01 Apr 2018 · 3 min read

Blockchain’s Fight Against Piracy Will Empower Independent Artists

Online piracy will cost the global economy at least USD 52 billion annually by 2022, according to Digital TV Research.

Source: iStock/mattjeacock

However, while such a figure suggests that the world's online pirates are living in an era of quasi-unlimited gratification, the blockchain is on its way to give copyright holders greater power to stop freeloaders and to get fully paid for their efforts.

And while it's unlikely to reduce piracy to absolute zero, the relative low-cost of blockchain-based platforms looks set to make the online media industry more democratic and diverse than ever before, as smaller content creators will be more empowered to exercise their copyrights.

Hashing images

One of the simplest yet most powerful examples of how the blockchain can fight piracy is provided by Copytrack. A Berlin-based company that enforces image copyright on behalf of its customers, it's planning to put its services on the Ethereum blockchain by the middle of the year.

As explained to Cryptonews.com by CEO Marcus Schmitt, the firm's Global Copyright Register will work by allowing rights owners to register their images, so that unauthorised image-use can be more easily tracked and proven. "After the upload," Schmitt says, "we will take a combination of several hashes of the image and the rights owner data and write them into our blockchain."

Once images are registered, Schmitt explains that company "will search all registered images worldwide for illegal use and report those back to the rights owner, who can then decide whether it's an illegal use or not."

One of the most important features of the platform is that users pay no fees. Instead, all the funding comes from legal or post-licensing fees, or from the Image Marketplace the company also plans to launch.

This is important, since in many cases copyright enforcement carries an expense that excludes smaller creators from pursuing infringement cases.

Bitcoin bounties

Another company using the blockchain to help independent creatives is Custos. Based in South Africa, the company produces blockchain-based watermarks for ebooks and video content.

“Everyone outside of the Hollywood majors cannot afford to take a centralized approach to catching pirates,” COO Fred Lutz says of the current situation, “and even they struggle.”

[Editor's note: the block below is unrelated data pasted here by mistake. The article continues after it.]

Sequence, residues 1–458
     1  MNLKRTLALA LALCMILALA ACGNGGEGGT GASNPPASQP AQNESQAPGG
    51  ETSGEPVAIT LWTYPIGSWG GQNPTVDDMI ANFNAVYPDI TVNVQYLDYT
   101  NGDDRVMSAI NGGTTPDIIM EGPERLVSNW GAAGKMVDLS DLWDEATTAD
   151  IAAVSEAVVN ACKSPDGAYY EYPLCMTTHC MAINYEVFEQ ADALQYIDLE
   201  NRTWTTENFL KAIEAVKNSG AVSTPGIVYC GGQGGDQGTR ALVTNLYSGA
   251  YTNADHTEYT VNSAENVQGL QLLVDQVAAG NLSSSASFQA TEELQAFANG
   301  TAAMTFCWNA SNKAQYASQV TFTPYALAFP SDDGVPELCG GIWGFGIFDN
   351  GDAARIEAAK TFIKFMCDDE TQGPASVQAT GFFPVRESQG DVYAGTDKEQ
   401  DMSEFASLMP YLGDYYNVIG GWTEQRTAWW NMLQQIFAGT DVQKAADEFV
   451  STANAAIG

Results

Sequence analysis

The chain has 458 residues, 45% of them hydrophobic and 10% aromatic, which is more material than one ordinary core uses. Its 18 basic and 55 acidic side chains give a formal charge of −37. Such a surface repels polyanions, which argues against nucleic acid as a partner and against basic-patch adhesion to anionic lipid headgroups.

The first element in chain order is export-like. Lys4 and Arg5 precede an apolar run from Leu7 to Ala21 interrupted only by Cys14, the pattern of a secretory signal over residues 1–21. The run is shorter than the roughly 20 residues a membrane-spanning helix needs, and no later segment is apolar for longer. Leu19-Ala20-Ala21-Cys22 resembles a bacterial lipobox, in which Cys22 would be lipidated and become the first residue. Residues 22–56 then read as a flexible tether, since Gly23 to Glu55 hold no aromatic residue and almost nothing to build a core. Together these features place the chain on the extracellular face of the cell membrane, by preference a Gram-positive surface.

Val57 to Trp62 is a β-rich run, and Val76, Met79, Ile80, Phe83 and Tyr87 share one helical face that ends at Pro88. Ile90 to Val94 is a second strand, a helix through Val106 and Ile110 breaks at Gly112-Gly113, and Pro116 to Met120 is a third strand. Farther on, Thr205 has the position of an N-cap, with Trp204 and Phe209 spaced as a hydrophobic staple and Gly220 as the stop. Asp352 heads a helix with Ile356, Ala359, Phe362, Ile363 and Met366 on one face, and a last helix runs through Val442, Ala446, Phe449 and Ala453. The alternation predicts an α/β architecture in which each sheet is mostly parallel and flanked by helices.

Custos’ platform promises to catch pirates on behalf of smaller artists: “We embed a unique Bitcoin bounty into each copy of a movie that is distributed. When someone finds a protected movie in one of their networks, they can pocket the bounty. On our side, we watch the blockchain for these transactions."

The company refers to the individuals who find illegally shared movies as “bounty hunters.” These are anonymous members of piracy communities "who use Custos’s freely available bounty extraction tool" to earn the small amounts of bitcoin up for grabs.

"Even though informants will remain anonymous, they need a reason to rat on their friends," Lutz says, "and that’s where the Bitcoin comes in."

Monopolistic platforms

Copytrack and Custos are two of the most prominent examples of how blockchain technology will increasingly make life more difficult for pirates. However, there are numerous other emerging companies looking to offer piracy solutions, from Texas' StreamSpace to Australia's Veredictum.

Both companies use blockchain as an anti-piracy distribution platform for films, and while both are set to offer robust guards against piracy, they both offer reminders of one potential side-effect of moving media onto platforms.

As has been demonstrated most starkly with the example of Spotify, there's always a risk that a distribution platform may make it harder for smaller creators to make a profit and get noticed, especially if the platform gets too big and creators can’t afford to get on it in the first place.

That said, even though monopolistic platforms do tend to squeeze out the smaller fish, Spotify isn't a very good analogy for the kind of blockchain-powered platforms being developed by the likes of Veredictum, StreamSpace, and Custos.

The main reason for this is that, while Spotify pays musicians through their record labels, the above companies plan to pay filmmakers, writers and other creatives directly.

And in Custos' case at least, Fred Lutz states that its platform will focus expressly on smaller creatives. "At the moment we are targeting smaller independent filmmakers," he confirms. "The large players can throw money at the problem [of piracy]. For smaller filmmakers, a leak of a review copy can make the difference between a successful movie and closing their doors for good."

It's for this reason that the blockchain is on course not only to reduce piracy significantly, but to give independent artist more control over their own destinies.